MOU signed to develop renewable energy on withdrawn US public lands07. August 2012 | Applications & Installations, Global PV markets | By: Becky Beetz
The U.S. Department of the Interior and Department of Defense (DoD) have signed a memorandum of understanding (MOU) to develop renewable energy, including solar, on public lands withdrawn for defense-related purposes.
Secretary of Defense Leon Panetta and Secretary of the Interior Ken Salazar signed the MOU on Monday, August 6. The goal is to create a Renewable Energy Partnership Plan, which develops energy sources including solar, wind, geothermal and biomass resources on and/or near DoD installations in the U.S. to both help improve energy security and lower the DoD’s annual US$4 billion utility bill.
In a statement released, the parties said that each of the military services, of which there are five – army, air force, marine corps, navy and coast guard – has committed to installing one GW of renewable energy by 2025.
"DoD installations encompass roughly 28 million acres in the United States, of which 16 million acres previously managed by Interior’s Bureau of Land Management (BLM) were withdrawn for military use by Executive Order, congressional legislation or departmental regulations. About 13 million acres of these withdrawn lands are located in the west and are high in wind, solar and geothermal resources," said the statement.
While no specific details have been released, the DoD and Bureau of Land Management (BLM) will reportedly develop a pilot process for allowing solar energy projects on several military installations in Arizona and California. The military installations will include the Barry M. Goldwater Range and the Yuma Proving Ground in Arizona, and Fort Irwin in California.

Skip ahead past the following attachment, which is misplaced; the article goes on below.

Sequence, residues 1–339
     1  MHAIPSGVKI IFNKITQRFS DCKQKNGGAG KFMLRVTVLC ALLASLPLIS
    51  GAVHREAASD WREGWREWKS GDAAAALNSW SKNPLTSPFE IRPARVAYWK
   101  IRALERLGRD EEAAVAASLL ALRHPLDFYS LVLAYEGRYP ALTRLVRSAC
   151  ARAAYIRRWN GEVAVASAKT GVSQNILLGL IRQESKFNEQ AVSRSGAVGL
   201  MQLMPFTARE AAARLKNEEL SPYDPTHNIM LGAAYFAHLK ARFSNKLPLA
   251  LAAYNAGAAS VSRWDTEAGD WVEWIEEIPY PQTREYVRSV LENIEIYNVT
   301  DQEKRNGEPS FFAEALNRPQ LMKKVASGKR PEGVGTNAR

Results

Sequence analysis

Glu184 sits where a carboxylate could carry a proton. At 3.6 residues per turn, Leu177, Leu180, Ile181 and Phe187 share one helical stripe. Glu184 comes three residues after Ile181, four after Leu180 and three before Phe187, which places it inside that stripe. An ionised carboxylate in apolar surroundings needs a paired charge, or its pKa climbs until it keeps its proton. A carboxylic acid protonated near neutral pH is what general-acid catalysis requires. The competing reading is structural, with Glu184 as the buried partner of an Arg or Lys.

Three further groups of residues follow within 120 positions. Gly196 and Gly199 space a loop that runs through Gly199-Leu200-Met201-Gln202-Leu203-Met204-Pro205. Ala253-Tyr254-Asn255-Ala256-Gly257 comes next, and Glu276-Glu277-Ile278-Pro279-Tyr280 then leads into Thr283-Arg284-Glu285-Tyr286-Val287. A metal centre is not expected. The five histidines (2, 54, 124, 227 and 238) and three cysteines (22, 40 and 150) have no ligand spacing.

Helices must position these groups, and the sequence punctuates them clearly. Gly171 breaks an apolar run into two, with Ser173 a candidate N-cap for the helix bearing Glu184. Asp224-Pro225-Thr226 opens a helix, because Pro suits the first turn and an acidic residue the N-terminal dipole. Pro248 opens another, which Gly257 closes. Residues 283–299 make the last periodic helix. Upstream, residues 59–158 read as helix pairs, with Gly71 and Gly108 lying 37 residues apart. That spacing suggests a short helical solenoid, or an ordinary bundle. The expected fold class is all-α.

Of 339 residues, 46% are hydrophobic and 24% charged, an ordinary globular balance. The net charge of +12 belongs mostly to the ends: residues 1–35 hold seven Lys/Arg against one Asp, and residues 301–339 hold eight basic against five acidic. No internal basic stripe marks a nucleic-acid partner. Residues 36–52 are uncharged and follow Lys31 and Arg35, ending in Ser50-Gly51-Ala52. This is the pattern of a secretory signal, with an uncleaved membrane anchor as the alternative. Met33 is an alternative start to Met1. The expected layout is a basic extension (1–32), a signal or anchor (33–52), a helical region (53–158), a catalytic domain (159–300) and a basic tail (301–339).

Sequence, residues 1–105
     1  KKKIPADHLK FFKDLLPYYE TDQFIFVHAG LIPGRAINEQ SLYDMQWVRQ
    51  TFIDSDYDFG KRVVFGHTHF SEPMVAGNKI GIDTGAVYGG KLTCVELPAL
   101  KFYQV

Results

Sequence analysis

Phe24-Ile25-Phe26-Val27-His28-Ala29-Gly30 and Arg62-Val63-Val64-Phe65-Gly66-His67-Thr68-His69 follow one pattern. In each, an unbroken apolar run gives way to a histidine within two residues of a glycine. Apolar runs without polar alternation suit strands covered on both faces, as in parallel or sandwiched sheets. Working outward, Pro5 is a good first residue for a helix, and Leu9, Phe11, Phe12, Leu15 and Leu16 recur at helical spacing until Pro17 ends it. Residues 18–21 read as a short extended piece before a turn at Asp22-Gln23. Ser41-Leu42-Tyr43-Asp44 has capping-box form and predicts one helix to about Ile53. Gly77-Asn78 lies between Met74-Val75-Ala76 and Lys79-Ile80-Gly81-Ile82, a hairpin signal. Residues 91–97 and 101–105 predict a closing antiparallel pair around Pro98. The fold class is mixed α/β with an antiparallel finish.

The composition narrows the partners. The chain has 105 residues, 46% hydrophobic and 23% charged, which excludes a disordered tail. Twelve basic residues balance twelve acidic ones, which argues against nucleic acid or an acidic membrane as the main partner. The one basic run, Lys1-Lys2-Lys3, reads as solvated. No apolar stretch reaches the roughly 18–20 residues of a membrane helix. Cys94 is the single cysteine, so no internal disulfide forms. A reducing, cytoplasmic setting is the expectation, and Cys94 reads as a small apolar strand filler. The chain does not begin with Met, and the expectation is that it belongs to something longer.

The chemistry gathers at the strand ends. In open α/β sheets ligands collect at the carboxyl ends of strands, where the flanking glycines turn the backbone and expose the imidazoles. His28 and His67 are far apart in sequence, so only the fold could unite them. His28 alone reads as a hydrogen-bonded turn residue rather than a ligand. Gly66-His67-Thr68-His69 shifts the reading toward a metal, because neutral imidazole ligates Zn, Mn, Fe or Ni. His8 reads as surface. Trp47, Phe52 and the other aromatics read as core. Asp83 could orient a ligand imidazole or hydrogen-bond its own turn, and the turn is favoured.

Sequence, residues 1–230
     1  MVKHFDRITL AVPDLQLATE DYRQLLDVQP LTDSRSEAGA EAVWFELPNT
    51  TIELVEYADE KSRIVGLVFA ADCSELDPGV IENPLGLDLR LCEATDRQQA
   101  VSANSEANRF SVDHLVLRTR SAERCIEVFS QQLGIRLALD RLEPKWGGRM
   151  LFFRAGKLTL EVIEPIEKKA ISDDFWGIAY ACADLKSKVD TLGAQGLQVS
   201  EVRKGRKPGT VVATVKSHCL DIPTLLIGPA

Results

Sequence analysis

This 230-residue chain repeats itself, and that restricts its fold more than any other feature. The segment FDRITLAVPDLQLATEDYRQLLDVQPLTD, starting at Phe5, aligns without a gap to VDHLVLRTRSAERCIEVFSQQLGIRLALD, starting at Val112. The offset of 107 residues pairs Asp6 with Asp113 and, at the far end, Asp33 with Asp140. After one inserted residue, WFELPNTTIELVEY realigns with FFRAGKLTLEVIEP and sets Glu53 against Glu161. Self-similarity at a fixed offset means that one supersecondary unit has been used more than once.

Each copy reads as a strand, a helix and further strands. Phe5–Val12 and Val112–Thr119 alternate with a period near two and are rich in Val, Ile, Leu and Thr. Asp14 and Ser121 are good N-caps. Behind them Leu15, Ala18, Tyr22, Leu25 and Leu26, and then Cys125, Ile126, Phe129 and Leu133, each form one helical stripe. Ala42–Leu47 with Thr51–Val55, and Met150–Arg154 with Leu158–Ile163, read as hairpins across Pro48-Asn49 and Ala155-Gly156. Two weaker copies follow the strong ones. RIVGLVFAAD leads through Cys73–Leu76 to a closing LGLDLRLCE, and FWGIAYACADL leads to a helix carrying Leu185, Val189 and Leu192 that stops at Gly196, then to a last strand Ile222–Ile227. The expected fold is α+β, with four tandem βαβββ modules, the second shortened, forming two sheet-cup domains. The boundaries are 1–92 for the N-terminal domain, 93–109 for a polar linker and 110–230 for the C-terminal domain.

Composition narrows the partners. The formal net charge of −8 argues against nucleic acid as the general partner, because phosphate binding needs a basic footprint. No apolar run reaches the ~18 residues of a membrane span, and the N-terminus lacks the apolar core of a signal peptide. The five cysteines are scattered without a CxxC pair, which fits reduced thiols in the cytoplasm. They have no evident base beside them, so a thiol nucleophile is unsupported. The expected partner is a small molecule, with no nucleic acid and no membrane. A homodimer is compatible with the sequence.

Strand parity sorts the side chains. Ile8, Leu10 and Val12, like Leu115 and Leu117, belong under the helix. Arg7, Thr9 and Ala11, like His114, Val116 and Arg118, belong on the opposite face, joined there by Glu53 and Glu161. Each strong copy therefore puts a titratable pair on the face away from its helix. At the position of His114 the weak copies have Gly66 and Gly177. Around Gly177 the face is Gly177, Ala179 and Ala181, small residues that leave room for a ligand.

"The pilot process will reflect the MOU in that DoD will take the lead in permitting and leasing for renewable energy projects on lands withdrawn for defense-related purposes," continued the statement. It added, "Together with advanced microgrid technology, which DoD is testing, renewable energy will allow a base to maintain critical functions for weeks or months if the commercial grid goes down."
It is believed that in addition to investigating ways that renewable energy could be shared across DoD’s installations, excess power could be sold back to the grid.
The statement concluded by saying that since President Obama came to power in 2009, 17 utility-scale solar energy projects have been approved by the Interior on public lands. Prior to this, it said no solar projects had been permitted on such areas. "Thanks to steps already taken by the Administration, renewable energy from sources like wind and solar have doubled since the President took office," it said.
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